Saturday, 16 February 2019

Welcome to the Weird West - and a Kickstarter to explore

Last year, as readers of the blog may know, I had my first Weird West tale published - The Clockwork Cowboy in the Hideous Progeny anthology from Writerpunk Press. It was my first step into a Wild West frontier remade into a world where anything was possible - and it's a world which Diane Morrison has been exploring for some time. She stops by the blog to chat about the genre - just as she is closing in on the finishing line for a Kickstarter for an anthology in the genre, Gunsmoke & Dragonfire. 

Welcome, Diane! So the anthology is a Weird West fistful of tales – so what is Weird West?

Weird West is what you call it when Westerns meet the supernatural. TV Tropes has an excellent definition and explanation on their website, and Cat Rambo and I discussed it in an interview I did for my last Kickstarter. More often than not, this will be a horrific element, like zombie cowboys, or ghosts, or Lovecraftian monsters. But it could also be in the form of traditional high fantasy elements – like, say, replacing horses with unicorns. That’s much less common though; people are surprised when I tell them this is what I write.

What’s the thing you love most about the genre? What is it that fires your imagination when reading through all the stories?

That’s a good question. I don’t think I can answer it in a single paragraph.

I have always loved places where genre boxes break down. Life never fits in boxes; why should fiction?

Westerns tend to be gritty. They’re nasty, violent, depend heavily on unreliable narrators, and are often morally ambiguous. Even when they weren’t intended to be, they nevertheless end up being so in a modern context – nobody thinks “Cowboy and Indian” stories are heroic anymore, and they never were.

Fantasy – at least, classic high fantasy – is often criticized because it tends to be whimsical and hopeful, with clearly-defined paths of right and wrong. I’m not saying any of that is a bad thing, even if it were entirely true (which it isn’t.) What’s wrong with a hopeful tale of people trying to do good in the world once in a while? What’s wrong with a little escapism, where anything might happen and anything is possible?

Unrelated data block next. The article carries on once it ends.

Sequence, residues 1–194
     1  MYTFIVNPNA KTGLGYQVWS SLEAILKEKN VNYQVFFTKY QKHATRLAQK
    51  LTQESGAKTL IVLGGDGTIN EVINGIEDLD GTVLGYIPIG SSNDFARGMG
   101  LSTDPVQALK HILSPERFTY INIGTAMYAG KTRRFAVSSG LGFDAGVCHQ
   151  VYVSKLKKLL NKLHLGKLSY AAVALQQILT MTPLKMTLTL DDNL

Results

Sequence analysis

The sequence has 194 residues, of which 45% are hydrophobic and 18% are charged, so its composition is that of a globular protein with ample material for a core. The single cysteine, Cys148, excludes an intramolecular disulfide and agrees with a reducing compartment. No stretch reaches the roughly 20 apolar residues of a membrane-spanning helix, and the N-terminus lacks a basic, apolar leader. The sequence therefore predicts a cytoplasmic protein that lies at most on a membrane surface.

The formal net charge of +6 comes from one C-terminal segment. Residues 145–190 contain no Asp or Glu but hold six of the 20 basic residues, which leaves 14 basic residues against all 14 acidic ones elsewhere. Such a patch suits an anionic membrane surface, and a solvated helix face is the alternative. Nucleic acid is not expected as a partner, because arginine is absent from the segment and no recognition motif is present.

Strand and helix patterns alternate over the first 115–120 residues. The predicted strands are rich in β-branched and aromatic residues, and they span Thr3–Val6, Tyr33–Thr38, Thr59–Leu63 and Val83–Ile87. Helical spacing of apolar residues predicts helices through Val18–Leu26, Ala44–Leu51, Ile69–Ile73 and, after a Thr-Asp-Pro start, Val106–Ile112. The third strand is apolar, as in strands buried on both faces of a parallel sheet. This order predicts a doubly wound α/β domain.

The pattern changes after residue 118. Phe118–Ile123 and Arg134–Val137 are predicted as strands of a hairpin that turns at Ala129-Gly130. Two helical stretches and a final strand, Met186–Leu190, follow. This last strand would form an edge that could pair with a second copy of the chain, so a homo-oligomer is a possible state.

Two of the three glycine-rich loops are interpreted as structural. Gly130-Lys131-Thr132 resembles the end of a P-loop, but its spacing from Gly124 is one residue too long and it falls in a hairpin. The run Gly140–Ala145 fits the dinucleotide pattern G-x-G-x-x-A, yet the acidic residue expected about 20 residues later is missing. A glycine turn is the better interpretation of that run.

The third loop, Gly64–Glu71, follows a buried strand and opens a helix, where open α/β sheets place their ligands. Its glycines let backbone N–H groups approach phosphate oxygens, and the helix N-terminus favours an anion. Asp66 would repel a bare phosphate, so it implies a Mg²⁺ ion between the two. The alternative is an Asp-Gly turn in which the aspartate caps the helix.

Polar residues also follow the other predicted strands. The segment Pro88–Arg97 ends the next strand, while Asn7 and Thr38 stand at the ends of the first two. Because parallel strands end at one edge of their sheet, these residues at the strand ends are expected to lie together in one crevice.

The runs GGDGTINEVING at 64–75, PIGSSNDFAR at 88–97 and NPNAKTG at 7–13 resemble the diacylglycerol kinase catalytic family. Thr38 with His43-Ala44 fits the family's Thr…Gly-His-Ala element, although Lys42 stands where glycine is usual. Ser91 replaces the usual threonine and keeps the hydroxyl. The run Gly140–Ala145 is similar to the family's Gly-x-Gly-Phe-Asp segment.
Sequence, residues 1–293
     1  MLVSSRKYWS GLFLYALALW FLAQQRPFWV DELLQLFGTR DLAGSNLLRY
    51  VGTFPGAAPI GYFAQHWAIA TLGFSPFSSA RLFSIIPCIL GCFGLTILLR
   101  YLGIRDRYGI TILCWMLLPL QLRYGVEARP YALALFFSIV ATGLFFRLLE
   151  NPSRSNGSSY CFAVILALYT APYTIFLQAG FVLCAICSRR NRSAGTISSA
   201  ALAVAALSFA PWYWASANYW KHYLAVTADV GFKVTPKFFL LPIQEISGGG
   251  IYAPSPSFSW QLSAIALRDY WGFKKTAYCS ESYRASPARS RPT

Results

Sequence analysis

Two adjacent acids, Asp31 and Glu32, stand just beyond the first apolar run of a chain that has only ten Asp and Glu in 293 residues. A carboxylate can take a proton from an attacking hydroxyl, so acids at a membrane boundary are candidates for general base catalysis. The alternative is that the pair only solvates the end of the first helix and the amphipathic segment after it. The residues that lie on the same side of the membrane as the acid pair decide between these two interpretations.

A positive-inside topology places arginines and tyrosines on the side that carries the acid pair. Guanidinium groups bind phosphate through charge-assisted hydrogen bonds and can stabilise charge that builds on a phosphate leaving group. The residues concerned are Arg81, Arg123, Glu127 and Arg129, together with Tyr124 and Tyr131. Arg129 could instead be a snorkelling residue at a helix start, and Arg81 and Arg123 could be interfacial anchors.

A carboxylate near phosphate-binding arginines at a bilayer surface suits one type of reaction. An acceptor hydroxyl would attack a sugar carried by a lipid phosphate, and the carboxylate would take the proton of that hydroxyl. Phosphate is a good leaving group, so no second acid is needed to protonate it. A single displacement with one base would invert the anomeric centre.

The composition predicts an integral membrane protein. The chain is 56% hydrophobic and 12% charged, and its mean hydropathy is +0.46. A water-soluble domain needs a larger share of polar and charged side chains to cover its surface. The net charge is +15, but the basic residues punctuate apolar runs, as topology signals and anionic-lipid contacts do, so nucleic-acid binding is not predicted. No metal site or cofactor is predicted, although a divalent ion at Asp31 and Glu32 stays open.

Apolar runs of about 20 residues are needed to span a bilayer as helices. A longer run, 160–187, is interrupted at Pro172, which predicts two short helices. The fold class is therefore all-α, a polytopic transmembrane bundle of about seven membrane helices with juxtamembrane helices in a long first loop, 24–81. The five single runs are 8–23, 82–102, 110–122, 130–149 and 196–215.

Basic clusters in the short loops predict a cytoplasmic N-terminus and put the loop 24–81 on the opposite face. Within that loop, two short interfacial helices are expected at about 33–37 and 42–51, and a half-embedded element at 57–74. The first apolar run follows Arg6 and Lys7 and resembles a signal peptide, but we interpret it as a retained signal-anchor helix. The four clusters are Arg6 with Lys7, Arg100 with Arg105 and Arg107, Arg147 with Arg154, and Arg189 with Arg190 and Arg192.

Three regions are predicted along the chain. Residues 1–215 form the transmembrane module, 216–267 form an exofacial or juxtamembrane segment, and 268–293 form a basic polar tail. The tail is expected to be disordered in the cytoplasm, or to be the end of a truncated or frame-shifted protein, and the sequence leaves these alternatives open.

But the place where the two meet… now, that’s interesting. The Fantasy uplifts the Western, and the Western grounds the Fantasy.

We think we know Westerns. We think we know the rules. But suppose that instead of slinging guns, people sling spells? Or perhaps the menace that controls the town isn’t Black Bart and his gang; it’s something much more ancient and alien? Or maybe the cowboys are herding giant bugs instead of cattle? Now, anything at all can happen, and all the rules go right out the window!

The best stories don’t just contain elements of both genres; they successfully combine thematic elements of both genres. There are natural places where they meld. Tales of wandering gunmen have a lot in common with tales of knights errant or ronin stories. Tales of “taming the wilderness” gain even greater weight when applied to alternate dimensions or other planets. I wrote a bit about that in the Foreword for this book.

Regular blog visitors Ricardo Victoria and Brent A. Harris are both part of the anthology - and you can see their chat with Diane Morrison above.

Is this a new genre or have writers of the past sauntered their way through these valleys before?

Oh no, it’s not new. It’s just uncommon for some reason. Maybe people hear the idea and are skeptical, so they don’t give it a chance? Arguably, Robert E. Howard might be considered the founder of the genre, with his 1932 story “The Horror from the Mound,” although I’m sure ghost stories that took place in Western settings must have predated him. That’s why I chose to include a Howard story in the anthology, although only a few were available to the public domain. I had to settle on a Solomon Kane story, as opposed to one of the more obvious Weird Westerns that he wrote, but it works!

What drew you into writing in the genre?

Okay, true story? I wanted to write about a D&D paladin who wasn’t a traditional knight-in-shining-armour. I thought about how such a character might manifest in different time periods. How would their weapons change with the technology? How would the code that they live and die to defend change?

Then I read Wizard and Glass, the fourth book in Stephen King’s Dark Tower saga, and the first one in which we got to see the protagonist in his youth, when the crumbling mythical kingdom of Gilead still stood. And I thought: What was it like to be a gunslinger in Gilead before it began to crumble? What would have happened if Camelot had survived into the early Industrial Age?

My world is a very different one now, but those were the thoughts that formed the seed of the idea. I didn’t even discover the term “Weird West” until my first story was already out. But the more I read, the more I loved it, and the more I wanted to share the genre and get others interested in it too!

Check out the trailer for the book above! 

Apart from backing the Kickstarter – obviously! – and your own series that there’s a link for below, where’s a great place to start reading?

Thanks for the plug! Also thanks for supporting us!